The family sedan is dead

Ford Country Squire station wagon 1990FordDead.

One of the great things about online journalism is that you can write about a lot of topics, all the time.

However, if you do write about a lot of topics, all the time, you can sometimes forget when you did the writing.

Case in point: Bloomberg’s Keith Naughton reported on Thursday that Toyota thinks the sales-leading days of the family car may be numbered:

Bob Carter, Toyota Motor Corp.’s top U.S. sales executive,predicted today that the RAV4 will outsell the Camry within the next five years as millennials, the children of the baby boomers, embrace small SUVs as the new family car.

“I’ll bet you lunch that will happen,” Carter told reporters Thursday at a Toyota holiday party in Detroit. “Many of these under-35-year-old buyers, who are entering the market in a big way right now, grew up in SUVs.”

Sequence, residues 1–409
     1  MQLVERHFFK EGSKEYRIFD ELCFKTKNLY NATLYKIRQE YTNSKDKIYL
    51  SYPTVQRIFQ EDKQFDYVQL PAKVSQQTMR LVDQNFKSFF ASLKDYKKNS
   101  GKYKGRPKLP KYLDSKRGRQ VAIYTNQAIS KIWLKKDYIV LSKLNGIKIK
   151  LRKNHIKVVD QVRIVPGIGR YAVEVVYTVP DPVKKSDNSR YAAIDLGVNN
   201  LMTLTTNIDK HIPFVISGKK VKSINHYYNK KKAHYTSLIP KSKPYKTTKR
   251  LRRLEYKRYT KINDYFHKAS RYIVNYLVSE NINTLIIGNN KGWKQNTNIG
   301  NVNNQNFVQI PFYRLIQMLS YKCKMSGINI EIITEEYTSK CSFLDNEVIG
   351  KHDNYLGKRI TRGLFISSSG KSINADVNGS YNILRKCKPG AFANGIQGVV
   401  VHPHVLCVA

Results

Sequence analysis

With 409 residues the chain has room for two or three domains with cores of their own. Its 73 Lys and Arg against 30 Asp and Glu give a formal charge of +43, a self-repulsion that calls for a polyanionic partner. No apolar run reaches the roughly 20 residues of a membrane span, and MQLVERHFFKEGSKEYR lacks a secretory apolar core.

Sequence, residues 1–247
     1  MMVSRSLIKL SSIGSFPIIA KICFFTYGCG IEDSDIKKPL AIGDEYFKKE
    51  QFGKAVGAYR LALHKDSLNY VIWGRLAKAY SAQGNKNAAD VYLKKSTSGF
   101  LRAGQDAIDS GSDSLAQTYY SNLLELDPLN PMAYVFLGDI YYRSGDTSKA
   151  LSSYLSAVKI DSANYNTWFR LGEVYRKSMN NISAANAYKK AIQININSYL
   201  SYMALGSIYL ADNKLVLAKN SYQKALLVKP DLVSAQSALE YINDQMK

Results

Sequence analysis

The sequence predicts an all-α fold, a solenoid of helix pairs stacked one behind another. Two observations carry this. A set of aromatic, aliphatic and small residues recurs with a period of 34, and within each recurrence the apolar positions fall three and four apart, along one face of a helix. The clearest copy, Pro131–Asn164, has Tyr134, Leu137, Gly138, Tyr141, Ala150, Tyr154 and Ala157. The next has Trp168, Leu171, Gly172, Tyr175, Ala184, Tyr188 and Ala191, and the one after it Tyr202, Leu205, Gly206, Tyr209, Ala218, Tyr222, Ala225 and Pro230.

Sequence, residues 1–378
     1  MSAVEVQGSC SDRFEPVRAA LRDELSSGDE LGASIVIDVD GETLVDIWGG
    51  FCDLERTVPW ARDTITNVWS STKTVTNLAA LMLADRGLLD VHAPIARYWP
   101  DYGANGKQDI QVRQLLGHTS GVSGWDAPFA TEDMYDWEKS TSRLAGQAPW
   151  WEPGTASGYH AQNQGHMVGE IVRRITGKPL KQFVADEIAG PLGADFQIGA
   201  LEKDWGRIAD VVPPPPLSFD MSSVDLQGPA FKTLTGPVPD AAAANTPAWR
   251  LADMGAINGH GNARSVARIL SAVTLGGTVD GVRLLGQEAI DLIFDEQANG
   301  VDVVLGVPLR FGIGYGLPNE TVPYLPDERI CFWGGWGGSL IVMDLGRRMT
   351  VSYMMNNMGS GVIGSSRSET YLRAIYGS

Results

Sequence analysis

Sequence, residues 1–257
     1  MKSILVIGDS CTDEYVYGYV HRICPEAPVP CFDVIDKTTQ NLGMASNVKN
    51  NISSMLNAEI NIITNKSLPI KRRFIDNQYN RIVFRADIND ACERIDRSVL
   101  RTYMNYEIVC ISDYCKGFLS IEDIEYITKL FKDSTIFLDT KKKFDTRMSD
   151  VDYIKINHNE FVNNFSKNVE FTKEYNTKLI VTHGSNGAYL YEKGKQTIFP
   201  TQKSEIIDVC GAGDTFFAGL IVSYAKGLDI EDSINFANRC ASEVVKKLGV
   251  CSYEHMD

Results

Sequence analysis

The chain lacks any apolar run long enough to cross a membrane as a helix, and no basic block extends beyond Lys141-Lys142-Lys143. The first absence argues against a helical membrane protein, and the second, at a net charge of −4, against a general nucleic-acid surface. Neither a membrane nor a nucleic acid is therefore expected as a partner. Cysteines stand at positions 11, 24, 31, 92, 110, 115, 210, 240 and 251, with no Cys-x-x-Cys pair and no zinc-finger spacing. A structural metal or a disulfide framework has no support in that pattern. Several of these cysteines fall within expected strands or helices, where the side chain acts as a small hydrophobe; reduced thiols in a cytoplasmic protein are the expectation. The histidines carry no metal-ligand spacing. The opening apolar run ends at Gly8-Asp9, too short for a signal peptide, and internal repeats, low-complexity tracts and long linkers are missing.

Which prompted me immediately proclaim to our Transportation Reporter, Ben Zhang — who works across from me in our New York newsroom — that my recently expressed theory about the death of the family car had now been vindicated at the highest level of Toyota’s US executive ladder.

Except that I hadn’t sounded the death knell for the family car, done in by the SUV, in 2014 or 2015, as I thought.

I said the family car was a goner in 2009:

To put it bluntly, even big sedans aren’t big enough to haul around the bevy of sports gear, pets, and offspring that now make up many American families. In the 1990s, families began replacing their Buicks and Ford Tauruses with SUVs, and now they have moved on to a combination of SUVs and so-called “crossover” vehicles, which are essentially five- and seven-passenger SUVs built not on truck, but on car platforms, for better handling and fuel-efficiency. They’re the modern-day station wagons.

There’s new wrinkle these days, now that the auto market has recovered from the darkest days of the financial crisis and young people can buy cars again.

They aren’t buying cars.

They’re buying SUVs.

And as it turns out, Toyota now thinks that this major shift could spell the end of one of its all-time best-selling vehicles.

Which, as it turns out, I liked … and I correctly remembered that I liked it earlier this year!

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